Is Prevalence of ADD/ADHD the Same in the U.S., Europe, and Japan?

By | November 7, 2016

Attention deficit disorder (ADD) and attention deficit hyperactivity disorder (ADHD) are increasingly common diagnoses among school-aged children. This poses the question is our society more aware of the condition or are children being over diagnosed or misdiagnosed? The diagnosis of ADD/ADHD also results in the prescription of ADHD medications to better manage the condition. Is ADD/ADHD being confused with other psychological issues that children experience such as dealing with a parent’s divorce or the death of a loved one? Is ADD/ADHD a label being issued to children who are struggling with academic issues or learning disabilities?

There are numerous scenarios that must be differentiated from a true diagnosis of ADD/ADHD. Regardless of the issue, children who appear distracted, cannot follow instructions, do not pay attention, seem overwhelmed, frequently interrupts conversations, or cannot sit still are likely to have a red flag held up over them seeking answers. The diagnosis of ADD/ADHD is not always straight forward and may vary significantly from one child to another, thus further complicating the diagnosis. Most cases of documented ADD/ADHD diagnoses include a physician reviewing a checklist of common signs and symptoms, feedback from school teachers, and parent observations and feedback.

The diagnosis of ADD/ADHD is subjective and evidence of this is relevant based upon reports from the Centers for Disease Control and Prevention (CDC). The CDC reports that the American Psychiatric Association states that 3-7% of United States school-age children have been diagnosed with ADD/ADHD. American parents report the contrary suggesting that as many as 22% or more school-age children in the United States have ADD/ADHD based upon survey results of parents. Physicians have reviewed this correlate and concluded that approximately 1 in 20 children have ADD/ADHD symptoms.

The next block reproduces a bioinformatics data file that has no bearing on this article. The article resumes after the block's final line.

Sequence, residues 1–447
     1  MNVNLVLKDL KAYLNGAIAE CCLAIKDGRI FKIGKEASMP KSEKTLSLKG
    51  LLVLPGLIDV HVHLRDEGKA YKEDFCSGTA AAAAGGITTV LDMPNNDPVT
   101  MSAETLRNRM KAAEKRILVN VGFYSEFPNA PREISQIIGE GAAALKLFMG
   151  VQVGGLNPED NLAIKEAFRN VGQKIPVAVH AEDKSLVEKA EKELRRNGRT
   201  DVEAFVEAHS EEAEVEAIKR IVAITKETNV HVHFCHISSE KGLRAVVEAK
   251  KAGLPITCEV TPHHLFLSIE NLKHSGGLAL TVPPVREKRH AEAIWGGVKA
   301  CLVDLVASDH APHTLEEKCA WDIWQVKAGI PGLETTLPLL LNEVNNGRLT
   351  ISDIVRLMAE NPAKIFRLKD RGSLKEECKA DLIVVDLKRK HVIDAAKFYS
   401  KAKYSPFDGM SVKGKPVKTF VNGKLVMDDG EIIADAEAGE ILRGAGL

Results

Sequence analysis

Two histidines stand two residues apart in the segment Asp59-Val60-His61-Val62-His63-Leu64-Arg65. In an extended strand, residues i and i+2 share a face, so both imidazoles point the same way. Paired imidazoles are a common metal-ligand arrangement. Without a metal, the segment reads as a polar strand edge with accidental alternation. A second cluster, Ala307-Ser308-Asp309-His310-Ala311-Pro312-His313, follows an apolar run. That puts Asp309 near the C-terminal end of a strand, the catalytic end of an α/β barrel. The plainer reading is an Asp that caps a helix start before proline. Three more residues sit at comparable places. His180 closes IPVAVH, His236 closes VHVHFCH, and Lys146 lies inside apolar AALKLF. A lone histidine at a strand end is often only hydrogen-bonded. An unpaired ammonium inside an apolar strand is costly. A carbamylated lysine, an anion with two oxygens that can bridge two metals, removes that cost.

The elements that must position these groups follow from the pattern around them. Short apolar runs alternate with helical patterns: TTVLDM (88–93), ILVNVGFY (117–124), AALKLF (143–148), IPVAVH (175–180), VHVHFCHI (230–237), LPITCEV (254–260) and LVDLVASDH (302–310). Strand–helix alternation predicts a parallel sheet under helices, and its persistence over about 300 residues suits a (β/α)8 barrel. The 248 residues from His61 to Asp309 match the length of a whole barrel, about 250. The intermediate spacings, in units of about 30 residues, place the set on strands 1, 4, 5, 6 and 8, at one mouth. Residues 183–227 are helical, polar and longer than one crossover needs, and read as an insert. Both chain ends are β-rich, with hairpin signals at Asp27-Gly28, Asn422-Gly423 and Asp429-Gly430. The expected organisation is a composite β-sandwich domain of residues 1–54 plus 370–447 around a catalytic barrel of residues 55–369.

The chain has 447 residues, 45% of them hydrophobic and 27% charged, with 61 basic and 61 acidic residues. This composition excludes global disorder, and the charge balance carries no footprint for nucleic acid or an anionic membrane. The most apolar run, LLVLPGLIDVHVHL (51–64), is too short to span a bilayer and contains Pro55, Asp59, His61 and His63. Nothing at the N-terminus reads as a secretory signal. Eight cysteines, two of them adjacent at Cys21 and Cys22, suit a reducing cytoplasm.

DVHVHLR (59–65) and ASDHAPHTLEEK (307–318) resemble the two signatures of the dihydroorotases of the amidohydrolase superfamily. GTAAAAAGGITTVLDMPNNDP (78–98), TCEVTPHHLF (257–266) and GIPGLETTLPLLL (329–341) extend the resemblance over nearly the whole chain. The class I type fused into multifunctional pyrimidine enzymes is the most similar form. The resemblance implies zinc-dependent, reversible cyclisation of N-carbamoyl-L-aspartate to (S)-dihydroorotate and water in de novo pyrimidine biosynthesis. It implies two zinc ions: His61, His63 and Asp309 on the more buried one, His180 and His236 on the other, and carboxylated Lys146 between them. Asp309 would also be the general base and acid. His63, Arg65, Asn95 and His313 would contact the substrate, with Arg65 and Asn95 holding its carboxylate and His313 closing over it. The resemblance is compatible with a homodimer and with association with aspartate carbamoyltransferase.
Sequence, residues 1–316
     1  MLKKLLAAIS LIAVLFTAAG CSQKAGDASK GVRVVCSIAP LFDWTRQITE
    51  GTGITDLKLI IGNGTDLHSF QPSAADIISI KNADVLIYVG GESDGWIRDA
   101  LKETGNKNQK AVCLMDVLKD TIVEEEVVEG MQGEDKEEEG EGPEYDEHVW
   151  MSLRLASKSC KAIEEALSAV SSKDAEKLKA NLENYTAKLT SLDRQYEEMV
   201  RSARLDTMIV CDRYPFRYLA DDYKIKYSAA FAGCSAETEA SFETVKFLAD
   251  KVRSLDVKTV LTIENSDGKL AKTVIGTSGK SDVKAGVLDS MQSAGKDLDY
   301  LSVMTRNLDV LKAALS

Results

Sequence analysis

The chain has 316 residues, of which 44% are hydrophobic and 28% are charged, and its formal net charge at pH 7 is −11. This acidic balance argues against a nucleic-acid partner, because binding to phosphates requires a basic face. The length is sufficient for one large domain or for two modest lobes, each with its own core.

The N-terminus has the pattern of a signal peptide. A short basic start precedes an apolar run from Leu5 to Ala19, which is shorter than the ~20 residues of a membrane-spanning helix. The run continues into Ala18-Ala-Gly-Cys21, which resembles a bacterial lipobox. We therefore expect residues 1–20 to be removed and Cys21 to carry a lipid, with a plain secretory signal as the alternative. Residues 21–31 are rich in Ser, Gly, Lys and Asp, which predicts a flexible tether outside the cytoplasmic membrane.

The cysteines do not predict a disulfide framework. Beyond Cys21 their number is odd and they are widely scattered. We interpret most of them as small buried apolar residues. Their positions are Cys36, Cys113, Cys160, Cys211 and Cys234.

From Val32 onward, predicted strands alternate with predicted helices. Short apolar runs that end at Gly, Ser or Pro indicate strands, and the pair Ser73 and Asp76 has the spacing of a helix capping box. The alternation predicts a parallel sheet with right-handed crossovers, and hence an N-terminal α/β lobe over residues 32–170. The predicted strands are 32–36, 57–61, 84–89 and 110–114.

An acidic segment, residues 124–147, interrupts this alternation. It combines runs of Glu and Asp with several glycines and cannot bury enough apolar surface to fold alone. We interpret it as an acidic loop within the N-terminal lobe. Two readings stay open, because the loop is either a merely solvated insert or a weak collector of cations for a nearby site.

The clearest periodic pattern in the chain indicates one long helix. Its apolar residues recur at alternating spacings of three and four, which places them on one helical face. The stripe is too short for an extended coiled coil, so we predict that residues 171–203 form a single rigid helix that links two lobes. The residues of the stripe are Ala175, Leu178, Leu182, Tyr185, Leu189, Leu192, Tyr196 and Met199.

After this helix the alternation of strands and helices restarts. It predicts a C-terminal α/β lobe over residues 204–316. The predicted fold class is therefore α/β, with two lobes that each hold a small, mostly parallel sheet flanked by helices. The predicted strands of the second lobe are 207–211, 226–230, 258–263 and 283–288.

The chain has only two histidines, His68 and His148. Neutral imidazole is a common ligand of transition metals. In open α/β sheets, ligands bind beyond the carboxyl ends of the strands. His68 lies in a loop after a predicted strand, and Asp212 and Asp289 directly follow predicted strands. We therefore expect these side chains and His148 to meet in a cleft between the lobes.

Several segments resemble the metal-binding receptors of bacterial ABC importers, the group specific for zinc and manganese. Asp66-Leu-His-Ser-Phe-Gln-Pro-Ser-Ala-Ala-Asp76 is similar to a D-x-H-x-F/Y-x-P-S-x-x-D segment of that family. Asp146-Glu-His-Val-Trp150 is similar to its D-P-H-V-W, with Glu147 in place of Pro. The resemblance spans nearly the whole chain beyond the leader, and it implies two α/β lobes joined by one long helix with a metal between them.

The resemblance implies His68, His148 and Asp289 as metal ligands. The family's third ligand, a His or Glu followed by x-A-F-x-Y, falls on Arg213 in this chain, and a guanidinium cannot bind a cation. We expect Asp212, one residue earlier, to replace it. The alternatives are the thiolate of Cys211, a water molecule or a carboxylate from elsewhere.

The incidence of ADD/ADHD diagnosis in Europe, Japan, and other non-American countries ranges around 5-7%. According to research performed in numerous national and international studies, the differences in diagnosis paradigms appears to be that the United States is more aware of this condition and recognizes it as a treatable disorder. In some cultures, labeling a child with ADD/ADHD is perceived as derogatory resulting in a negative psychological effect.

The actual diagnosis rules vary significantly between the United States and Europe. The primary differences in achieving statistical evidence of the prevalence of ADD/ADHD is a country related to the research methodologies. European researchers follow the ICD-10 which specifies that children must have issues in school, at home, be impulsive, lack attention, and be hyperactive. American researchers follow the DSM-IV. The DSM-IV is not as restrictive as the ICD-10 rules and possibly explains why Americans have such a higher reported diagnosis rate of ADD/ADHD. The DSM-IV essentially states that the child has several of the listed symptoms but not enforce the rule that all criteria must be met, as in the ICD-10 rules.

Japan reports a 7% of school-aged children have ADD/ADHD. Several reports explain that Japanese parents have been giving their school-aged children nutritional supplements to increase their attention capacity. The same DHA supplements that are becoming popular in the United States have been given to Japanese children for years. The belief is that if children lack the essential fatty acids, the less than optimal outcome would be ADD/ADHD. The Japanese consult a psychological evaluation when ADD/ADHD is suspected in their school-aged children. Solving the puzzle will naturally require a great deal of interaction with the child, professional consultation, physician involvement, school involvement, and patience. The successful treatment of ADD/ADHD generally involves ADD/ADHD medications and focus on developing educational strategies to optimize the child’s organizational skills and retention strategies.

Source by Domenic Greco, PhD

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